new old more book profile blog rings host

prev out of circulation next
2002-09-17 | 12:46 p.m.

I was already in bed. Duff came in and said "Where's my pillow?" and I said, "Jasper has it." Yes, Jasper still sleeps with us more often than not. We should probably start asking him to sleep in his bed but it is my habit to lie down with him and read and I don't fit in the fire engine bed.

Anyway it was late when Duff came to bed and asked for his pillow. I pulled it out from under Jasper's head and flopped it down in Duff's general vicinity. I think I was already asleep when he showed up. He says he turned the light on once, but I don't remember.

I know I was asleep a few minutes later when he asked, "Did Jasper drool all over this pillow or something?" I mumbled something incoherent to imply that I did not know. Jasper is not a big drooler, and I hadn't noticed any wet spots when I handed it over.

"I'm going to turn on the light," Duff said.

This struck me as vaguely funny, as if light were necessary to better discern wetness.

Then Duff turned the light on, and even with my eyes closed I flinched at its brightness. I slowly cracked open my lids and peered at Duff.

"Oh my GOD!" I shrieked. "Oh my God, Duff! Oh my God!"

There was blood everywhere, and a lot of it. Lines of blood streamed over his face in a cobweb pattern and down his neck, chest, and arms. It seemed to be coming from the general vicinity of his left ear, and the overall impression was that someone had just tried to cut his head off.

He saw all the stains on the pillow and mattress. "Do I have a nosebleed?" he wondered, dabbing at his nostrils. Nothing. He hopped out of bed and made his way toward the bathroom, blood dripping on the floor, his underwear, and all around the bathroom sink.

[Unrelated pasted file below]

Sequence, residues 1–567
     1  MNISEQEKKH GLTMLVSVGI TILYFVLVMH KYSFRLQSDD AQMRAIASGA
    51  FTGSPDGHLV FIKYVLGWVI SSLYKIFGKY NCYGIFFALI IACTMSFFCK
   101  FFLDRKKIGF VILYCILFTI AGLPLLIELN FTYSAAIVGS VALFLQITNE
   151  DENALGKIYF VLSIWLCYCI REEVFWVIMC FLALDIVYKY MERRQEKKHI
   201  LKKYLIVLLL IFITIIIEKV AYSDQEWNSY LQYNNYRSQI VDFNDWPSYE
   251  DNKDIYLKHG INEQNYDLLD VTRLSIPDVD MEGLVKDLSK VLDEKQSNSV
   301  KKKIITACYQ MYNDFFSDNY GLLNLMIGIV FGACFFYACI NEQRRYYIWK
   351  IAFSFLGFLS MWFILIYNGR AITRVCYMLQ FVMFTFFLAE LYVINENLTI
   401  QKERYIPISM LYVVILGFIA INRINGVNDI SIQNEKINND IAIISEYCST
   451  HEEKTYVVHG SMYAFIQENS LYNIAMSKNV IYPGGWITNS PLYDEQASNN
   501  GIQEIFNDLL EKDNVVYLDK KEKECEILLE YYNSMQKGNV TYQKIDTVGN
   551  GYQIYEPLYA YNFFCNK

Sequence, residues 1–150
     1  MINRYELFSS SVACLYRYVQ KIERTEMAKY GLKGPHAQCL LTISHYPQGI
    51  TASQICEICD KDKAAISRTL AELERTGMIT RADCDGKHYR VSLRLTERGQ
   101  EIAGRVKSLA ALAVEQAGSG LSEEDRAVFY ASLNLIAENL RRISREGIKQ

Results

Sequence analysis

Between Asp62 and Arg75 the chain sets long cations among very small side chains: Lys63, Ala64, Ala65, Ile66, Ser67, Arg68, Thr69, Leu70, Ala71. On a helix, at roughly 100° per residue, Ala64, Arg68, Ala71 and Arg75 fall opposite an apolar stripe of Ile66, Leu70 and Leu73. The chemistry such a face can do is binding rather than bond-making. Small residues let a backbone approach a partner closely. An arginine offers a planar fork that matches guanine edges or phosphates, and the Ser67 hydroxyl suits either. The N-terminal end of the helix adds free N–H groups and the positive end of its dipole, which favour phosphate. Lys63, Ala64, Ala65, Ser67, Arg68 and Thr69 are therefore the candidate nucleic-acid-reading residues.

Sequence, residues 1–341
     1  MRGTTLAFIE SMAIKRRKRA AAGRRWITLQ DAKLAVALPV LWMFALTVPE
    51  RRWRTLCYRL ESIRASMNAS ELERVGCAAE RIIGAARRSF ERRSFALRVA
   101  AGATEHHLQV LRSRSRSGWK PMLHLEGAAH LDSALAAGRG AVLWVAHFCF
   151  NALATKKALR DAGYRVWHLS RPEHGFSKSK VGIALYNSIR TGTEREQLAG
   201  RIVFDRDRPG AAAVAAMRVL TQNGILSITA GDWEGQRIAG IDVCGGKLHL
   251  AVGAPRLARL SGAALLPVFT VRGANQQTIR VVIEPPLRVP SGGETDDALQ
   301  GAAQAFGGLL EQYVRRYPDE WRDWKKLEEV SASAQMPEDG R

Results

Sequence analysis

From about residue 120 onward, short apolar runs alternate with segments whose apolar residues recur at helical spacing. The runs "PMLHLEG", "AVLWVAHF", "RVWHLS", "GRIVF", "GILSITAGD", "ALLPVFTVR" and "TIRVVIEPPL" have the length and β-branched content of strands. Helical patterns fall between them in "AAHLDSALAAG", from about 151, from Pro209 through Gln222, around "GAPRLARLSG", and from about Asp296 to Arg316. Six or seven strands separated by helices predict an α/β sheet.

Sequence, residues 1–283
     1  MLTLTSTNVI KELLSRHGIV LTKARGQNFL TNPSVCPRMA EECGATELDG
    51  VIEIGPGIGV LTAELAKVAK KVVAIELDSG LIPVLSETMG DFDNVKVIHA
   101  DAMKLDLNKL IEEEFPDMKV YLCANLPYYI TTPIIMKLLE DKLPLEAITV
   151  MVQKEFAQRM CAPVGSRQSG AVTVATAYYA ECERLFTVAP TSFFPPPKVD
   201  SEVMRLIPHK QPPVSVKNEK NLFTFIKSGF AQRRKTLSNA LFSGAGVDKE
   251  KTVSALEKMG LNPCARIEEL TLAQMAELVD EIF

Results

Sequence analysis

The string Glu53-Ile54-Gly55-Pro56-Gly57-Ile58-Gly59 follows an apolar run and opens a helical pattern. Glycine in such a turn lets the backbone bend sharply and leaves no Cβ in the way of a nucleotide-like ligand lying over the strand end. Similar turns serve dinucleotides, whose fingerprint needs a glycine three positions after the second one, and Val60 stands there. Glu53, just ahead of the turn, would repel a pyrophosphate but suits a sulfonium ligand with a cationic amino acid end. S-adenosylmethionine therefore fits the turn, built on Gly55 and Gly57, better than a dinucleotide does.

"I've had a zit on my face," he reported. This didn't seem like a mere pimple problem, but I interrogated him anyway. "Did you pick at it?" He admitted that he had been picking at it for the last two days. Sure enough, it appeared, that's where the blood was coming from. He said he didn't hurt at all.

"Didn't your mother teach you not to pick your face?" I badgered as I fumbled around in the hall closet for clean rags. Duff isn't prone to outbreaks, so it has never been a big issue in our house.

Time passed. I scrubbed the mattress and wiped up the floor. The spot on Duff's face continued to spurt blood at a healthy clip. I didn't know there were any major arteries running through the face, I thought flippantly. Duff, who is a bit of a hypochondriac, was worried.

"There must be a little vein there," he said.

I admonished him to put continuous pressure on it and stop checking it every two minutes, so it could clot.

"I am," he insisted. He was a lifeguard and took first aid training again this year as part of his soccer-coaching regimen, so he probably knows as much or more about first aid as I do.

We tried putting some Polysporin on it and a Band-Aid, but the blood just oozed right up over the top of the Band-Aid. Duff was afraid to lie down, for fear, I suppose, that he would bleed to death through his zit.

I started looking around for my family medical encyclopedia, which I couldn't find. Think, I thought. How do you stop bleeding? Stanch blood flow? Pressure, but that doesn't seem to be working. Tourniquet. I imagined putting a tourniquet around his neck. Nope, that wouldn't work, either. I giggled, and he guessed what I was thinking about.

After a good, I don't know, half-hour of this, I decided to go back to bed. If I had to drive him to the hospital, he could just wake me up later. I imagined him explaining the situation to the emergency room doctor and that made me laugh, too.

Eventually, he reported that the bleeding had slowed down. He had a fresh Band-Aid on it. But he was still worried.

"My face feels kind of numb," he said. Then he read the Polysporin tube and felt a little better, thinking the topical relief of the antibiotic cream might have contributed to the numbness. He came to bed.

"I don't know," he said. He told me he had read something in the paper about a man who went to sleep complaining of discomfort in his legs and woke up a week later with both his legs amputated. His girlfriend had called an ambulance because blood had started to pour out of his ears. Turns out he had a rare condition that blocked all blood circulation to his legs. Would have died if they hadn't amputated. Poor guy.

I promised not to cut Duff's head off no matter how much of a mess he made. I said, "And the moral of this story is: Don't pick your face!" And then we went back to sleep at last.

prev archive next

if you're not reading mawm you're not reading me